On February 24, 1849, USS Constitution made two special deliveries in the Mediterranean. The first was the delivery of Daniel Smith McCauley and his family to Alexandria, Egypt, where McCauley was to become the first U.S. consul general to Egypt. At 9:00 a.m. local time, the ship arrived outside the harbor of Alexandria, and hove-to to wait for the local pilot who would guide the ship to anchorage in the harbor.

The second delivery, occurring just a half hour later, was a birth on board the ship. Daniel McCauley’s son, Constitution Stewart McCauley, was born at 9:30 a.m. local time while the ship was still waiting for a pilot. Both the newborn and his mother, Frances Ann Jones McCauley, were reported in good health.

It should have been an auspicious beginning to McCauley’s post, but once the ship was cleared in, McCauley was quickly thrust into resolving a dispute after a confrontation between one of Constitution’s midshipmen and Egyptians on shore.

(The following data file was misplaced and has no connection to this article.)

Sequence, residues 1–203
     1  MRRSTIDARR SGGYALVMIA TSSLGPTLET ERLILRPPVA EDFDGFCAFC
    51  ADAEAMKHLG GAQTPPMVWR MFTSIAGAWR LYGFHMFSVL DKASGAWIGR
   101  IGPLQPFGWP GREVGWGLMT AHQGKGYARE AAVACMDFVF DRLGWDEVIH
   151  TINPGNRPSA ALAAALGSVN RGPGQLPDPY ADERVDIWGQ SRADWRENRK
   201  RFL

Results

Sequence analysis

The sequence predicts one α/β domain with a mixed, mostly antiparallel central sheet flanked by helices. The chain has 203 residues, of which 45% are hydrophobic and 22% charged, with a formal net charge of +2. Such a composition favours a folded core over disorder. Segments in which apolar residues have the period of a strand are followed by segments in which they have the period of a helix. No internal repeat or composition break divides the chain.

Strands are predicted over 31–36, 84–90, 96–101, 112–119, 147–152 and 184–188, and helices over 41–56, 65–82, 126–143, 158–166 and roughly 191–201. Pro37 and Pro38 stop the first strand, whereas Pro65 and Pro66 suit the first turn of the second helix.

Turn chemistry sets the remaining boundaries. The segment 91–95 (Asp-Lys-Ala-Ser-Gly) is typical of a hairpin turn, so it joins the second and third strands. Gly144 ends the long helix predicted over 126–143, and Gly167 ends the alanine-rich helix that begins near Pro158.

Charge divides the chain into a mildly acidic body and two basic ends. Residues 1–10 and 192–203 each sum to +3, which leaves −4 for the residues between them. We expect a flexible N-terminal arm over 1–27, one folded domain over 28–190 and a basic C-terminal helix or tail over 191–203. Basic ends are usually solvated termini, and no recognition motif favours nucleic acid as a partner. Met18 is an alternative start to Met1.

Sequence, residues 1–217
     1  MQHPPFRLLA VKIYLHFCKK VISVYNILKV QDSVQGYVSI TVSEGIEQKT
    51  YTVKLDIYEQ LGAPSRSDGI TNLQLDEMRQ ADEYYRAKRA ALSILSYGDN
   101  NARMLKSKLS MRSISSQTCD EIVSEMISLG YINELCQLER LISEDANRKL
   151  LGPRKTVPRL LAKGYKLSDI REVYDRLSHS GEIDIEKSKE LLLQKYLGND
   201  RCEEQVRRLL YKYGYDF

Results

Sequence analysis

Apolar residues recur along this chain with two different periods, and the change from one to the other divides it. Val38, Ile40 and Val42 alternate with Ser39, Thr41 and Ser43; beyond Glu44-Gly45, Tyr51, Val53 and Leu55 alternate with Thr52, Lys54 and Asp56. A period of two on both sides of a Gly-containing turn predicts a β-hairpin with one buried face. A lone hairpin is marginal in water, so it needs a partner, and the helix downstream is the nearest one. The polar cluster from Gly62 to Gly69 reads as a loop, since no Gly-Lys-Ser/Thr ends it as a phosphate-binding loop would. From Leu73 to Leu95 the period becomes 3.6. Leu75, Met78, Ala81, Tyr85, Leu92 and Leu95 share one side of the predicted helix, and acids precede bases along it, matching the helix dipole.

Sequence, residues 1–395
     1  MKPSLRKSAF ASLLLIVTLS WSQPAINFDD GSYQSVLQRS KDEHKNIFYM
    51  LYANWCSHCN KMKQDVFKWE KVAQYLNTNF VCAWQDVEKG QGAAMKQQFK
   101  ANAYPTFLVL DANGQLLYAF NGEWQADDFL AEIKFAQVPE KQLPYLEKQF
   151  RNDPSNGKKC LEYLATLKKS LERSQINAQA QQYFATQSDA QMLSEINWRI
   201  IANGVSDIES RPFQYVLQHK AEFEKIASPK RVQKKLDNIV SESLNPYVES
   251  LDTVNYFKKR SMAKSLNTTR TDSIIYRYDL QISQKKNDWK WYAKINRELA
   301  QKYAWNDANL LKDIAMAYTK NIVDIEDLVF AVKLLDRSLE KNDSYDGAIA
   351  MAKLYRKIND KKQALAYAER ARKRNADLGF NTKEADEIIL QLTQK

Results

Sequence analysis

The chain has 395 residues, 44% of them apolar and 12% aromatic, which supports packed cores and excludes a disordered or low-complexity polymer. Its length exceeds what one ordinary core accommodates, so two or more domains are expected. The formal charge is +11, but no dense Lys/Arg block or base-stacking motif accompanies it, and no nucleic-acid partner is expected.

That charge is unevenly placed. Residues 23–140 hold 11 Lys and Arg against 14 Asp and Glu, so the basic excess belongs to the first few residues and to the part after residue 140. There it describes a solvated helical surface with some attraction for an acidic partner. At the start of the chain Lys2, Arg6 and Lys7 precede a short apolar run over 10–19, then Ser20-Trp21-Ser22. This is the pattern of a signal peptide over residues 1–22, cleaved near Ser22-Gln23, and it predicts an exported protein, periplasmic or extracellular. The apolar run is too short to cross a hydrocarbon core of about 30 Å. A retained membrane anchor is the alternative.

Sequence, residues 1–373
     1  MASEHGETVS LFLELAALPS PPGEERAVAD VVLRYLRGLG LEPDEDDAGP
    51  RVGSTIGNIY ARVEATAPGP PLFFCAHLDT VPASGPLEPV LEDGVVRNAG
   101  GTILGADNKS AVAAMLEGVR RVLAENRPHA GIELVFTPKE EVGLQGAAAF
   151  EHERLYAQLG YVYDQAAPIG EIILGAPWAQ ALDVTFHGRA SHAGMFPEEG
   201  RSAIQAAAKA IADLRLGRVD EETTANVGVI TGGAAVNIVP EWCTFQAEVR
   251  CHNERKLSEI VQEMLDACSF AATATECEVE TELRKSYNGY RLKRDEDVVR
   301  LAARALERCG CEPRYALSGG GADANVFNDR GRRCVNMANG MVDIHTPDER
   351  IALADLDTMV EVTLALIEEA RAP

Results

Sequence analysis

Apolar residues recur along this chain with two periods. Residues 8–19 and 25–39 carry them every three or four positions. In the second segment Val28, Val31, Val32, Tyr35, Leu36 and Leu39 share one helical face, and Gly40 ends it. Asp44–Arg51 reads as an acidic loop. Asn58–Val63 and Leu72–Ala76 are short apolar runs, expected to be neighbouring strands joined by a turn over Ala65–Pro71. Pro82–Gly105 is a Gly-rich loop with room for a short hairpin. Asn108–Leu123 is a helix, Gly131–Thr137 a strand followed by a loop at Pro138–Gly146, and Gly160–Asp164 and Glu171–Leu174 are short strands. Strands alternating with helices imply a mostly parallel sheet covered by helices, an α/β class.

At the time of McCauley’s arrival, Egypt was still technically part of the Ottoman Empire, but had been operating as a largely independent state under a hereditary monarchy since 1805. In November 1848, Abbas Hilmi I Pasha, the grandson of Muhammed Ali, became regent of Egypt. Abbas was less interested than his predecessors in dealing with European and American interests, and U.S. trade with Egypt had not been particularly successful up to that point. But the repeal of the British Navigation Acts in 1849 opened the door for American merchants to carry goods from Egypt to England, which could then be traded for English goods to ship to the United States. That opportunity, among other considerations, demanded a stronger American presence. McCauley had been serving as the U.S. consul in Tripoli since 1831 when he was appointed to the consul general position in Egypt. At the time, few American consuls came from professional backgrounds in the foreign service. The position of consul was often filled by civilian American businessmen who offered to assist with issues involving Americans in foreign countries. They were nominally paid and had no background in diplomatic relations. McCauley’s arrival signified a greater American commitment to a presence in Egypt.